Next, the challenge was to find working cameras from the 1980s. Dreifuss turned to Broadcast Store, which boasts an extensive catalogue of vintage gear. Company CEO/engineer Lou Claude notes that the production asked for cameras from the 1980s that would be used by professionals in a news environment. "We have the expertise in all video formats," says Claude. "If I recall, we went through 17 cameras, to get them four that were perfect." It wasn't simply a matter of finding the cameras, but of also setting them up and tweaking them to work properly. "The alignment is a big deal, it's very sophisticated," he says. It's like a tune-up. If you can get the engine to sound just right, it can race. That's what we needed to do with the cameras, and tubes fade over time. It's almost impossible to end up with a good camera."
Gael Garcia Bernal as René Saavedra. Photo by Tomás Dittburn, Courtesy of Sony Pictures Classics
Claude sent them four Ikegami HL-79EAL cameras from 1983 that had been tweaked to provide a better signal. "We didn't take the composite output but took the component output," he explains. "Even in those days, you could do that. We went to the home of the guy who designed the adapters back then, and then fine-tuned it. So we ended up with a very good component output." On set, the production ran the output through an AJA Ki Pro and out to SD-SDI to a Blackmagic Design recorder.
Despite the fact that Broadcast Store tweaked the cameras, they still required special handling. "In the 1980s, the user had to align the tubes and do the white balance," says Claude. "As the tubes warm up, the crosses will go out of alignment. It was a lot of feel and touch. The cameraman had to do a lot manually."
But the cinematographer Sergio Armstrong was in Chile, so it was a long-distance learning curve. "We sent little videos to them and we did a lot over the phone," says Claude. "I have to tell you, they learned but they learned the hard way. [To use that camera] was tough for people who haven't had that experience; it's like going back in time. It even felt weird to me and it took me time to get back in the mode. I had to call some old engineers because I was having trouble with some things. We ended up with fantastic cameras, but the credit goes to the cinematographer. These guys were gutsy. To get a message through this way was fantastic."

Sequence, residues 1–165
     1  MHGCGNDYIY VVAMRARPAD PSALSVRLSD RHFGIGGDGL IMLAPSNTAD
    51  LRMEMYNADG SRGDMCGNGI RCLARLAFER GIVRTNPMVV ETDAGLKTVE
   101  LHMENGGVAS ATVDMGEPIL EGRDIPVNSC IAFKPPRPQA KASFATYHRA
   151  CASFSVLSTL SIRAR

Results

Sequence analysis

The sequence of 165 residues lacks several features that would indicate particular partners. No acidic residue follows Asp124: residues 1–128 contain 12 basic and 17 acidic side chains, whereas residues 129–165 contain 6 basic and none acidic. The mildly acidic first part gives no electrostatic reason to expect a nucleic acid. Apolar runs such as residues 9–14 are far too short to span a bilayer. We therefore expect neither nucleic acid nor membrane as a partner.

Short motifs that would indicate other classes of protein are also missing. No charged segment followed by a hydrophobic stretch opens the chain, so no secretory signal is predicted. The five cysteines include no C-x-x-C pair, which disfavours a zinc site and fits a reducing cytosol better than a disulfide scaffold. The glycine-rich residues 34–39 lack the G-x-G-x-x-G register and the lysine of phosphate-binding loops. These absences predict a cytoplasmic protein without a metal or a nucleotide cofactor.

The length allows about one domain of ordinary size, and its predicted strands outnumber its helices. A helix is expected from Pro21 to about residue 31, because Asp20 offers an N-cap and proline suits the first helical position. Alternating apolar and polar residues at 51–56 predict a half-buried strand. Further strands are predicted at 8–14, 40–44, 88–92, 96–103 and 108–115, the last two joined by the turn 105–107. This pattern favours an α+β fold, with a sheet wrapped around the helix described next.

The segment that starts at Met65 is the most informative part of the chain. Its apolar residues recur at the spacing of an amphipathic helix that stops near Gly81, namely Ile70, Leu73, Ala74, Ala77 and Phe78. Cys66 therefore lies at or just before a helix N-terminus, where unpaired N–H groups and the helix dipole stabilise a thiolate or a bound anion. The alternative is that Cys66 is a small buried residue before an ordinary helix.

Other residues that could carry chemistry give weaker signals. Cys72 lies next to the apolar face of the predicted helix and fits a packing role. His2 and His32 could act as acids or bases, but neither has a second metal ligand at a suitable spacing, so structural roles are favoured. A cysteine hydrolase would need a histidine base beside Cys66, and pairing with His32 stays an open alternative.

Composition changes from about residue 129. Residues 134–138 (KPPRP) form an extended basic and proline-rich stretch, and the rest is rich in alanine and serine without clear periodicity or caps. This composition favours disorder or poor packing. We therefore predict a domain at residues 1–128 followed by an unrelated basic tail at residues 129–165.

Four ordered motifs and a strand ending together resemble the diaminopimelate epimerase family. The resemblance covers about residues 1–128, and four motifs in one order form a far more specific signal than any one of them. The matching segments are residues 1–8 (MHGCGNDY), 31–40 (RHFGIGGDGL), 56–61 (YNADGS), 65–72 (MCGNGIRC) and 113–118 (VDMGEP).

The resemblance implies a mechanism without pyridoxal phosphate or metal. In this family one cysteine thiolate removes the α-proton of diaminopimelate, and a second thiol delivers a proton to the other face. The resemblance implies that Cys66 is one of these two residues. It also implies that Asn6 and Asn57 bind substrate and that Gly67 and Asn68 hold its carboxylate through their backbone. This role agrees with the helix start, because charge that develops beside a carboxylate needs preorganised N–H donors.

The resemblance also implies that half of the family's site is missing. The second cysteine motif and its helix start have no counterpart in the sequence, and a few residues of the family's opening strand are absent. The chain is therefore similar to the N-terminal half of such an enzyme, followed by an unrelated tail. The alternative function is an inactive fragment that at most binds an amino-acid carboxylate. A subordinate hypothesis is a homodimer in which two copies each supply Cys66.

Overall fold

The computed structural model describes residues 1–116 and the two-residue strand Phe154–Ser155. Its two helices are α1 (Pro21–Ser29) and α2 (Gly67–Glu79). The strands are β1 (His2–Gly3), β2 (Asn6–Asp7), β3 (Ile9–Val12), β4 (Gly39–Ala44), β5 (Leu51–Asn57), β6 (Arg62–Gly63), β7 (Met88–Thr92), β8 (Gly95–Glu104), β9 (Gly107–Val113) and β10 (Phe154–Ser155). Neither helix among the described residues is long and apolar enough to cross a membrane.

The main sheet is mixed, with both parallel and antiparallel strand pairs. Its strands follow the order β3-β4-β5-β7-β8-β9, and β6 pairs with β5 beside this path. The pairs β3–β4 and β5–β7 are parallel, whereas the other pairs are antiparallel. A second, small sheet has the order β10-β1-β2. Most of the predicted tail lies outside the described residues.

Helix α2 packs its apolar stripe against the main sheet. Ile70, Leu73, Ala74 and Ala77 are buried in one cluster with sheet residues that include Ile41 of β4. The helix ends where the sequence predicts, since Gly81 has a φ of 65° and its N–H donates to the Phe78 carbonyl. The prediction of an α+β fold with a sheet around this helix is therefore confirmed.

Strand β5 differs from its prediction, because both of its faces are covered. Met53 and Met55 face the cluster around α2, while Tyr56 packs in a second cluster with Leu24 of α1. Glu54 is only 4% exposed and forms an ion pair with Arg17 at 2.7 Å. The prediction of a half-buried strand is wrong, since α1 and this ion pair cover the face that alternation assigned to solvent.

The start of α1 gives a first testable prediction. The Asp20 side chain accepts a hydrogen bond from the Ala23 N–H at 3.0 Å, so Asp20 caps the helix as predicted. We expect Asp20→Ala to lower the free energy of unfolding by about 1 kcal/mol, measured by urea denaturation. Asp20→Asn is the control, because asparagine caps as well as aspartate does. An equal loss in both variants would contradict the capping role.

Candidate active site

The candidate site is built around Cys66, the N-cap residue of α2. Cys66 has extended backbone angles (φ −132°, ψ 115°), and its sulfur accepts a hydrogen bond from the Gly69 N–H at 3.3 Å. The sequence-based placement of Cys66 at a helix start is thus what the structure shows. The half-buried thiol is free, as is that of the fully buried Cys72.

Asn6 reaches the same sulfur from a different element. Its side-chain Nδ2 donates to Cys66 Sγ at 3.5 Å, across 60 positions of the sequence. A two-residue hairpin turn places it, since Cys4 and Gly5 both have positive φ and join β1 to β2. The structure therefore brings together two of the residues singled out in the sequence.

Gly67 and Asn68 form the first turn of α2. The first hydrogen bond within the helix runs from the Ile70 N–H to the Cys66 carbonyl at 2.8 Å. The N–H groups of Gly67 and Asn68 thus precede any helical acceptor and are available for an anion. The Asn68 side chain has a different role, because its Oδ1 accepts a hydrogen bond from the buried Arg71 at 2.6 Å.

The production, which shot in November/ December 2011, was huge by Chilean film community standards. "We had a couple of scenes with a lot of extras," Dreifuss says. "And extras in Chile are not professional actors getting points for SAG cards. We couldn't close off the perimeter and keep away people with cell phones taking shots of the crowd. If we could have, we would have closed off all the streets. So it was a daunting production in that it was big and there weren't many of us. But as far as film goes -- and filming is never easy -- it was a great experience made better by the fact that it was an amazing group of people."
Above Left: Left to right: Jamie Vadell as Minister and Sergio Hernández as Militar. Photo by Tomás Dittburn, Courtesy of Sony Pictures Classics. Above Right: Left to right: Luis Gnecco as José Tomás Urrutia, Marcial Tagle as Arancibia, Gael Garcia Bernal as René Saavedra, Diego Muñoz as Carlos and Nástor Cantillana as Fernando Costa. Photo by Tomás Dittburn, Courtesy of Sony Pictures Classics
Now that the film was done, Dreifuss contemplates the decision to use the 1980s cameras. "If it made sense for the narrative of the film, the storytelling, yes, I'd do it again," he says. "But not as a gimmick or be stylistic. It's hard to find a story where you can justify something like this, which is why it doesn't happen often. NO was a happy case the technology (or lack thereof) in a fundamental part of the identity of the movie and the narrative storytelling."
Just like Saavedra calculated the best way to oust Pinochet, Dreifuss also thought about how to market NO when he was part of making the original technology decisions. "If nothing else, I thought people would talk about it and we'd get word of mouth," he admits. "And we are talking about it. Not everyone will love it, but everyone mentions it or talks about it. It became part of the identity of the film, love it or hate it. The fact that the movie is unique is good as this was a unique moment in history."
Left to right: Gael Garcia Bernal as René Saavedra and Antónia Zegers at Verónica Caravajal. Photo by Tomás Dittburn, Courtesy of Sony Pictures Classics
Dreifuss' calculation seems to have played out, as audiences from Cannes to Telluride have been drawn to this unique film. Although the topic matter might seem ideal for a documentary -- especially with so many of the participants still living -- the filmmakers were right to fictionalize it enough to make it the under-dog story, carried by Bernal's extraordinary acting. NO will be expanding its reach over the next few weeks to many cities in the U.S.; it will also have international distribution. Eventually, Sony Classics will release it as a DVD.
Photo by Diego Rojas, Courtesy of Sony Pictures Classics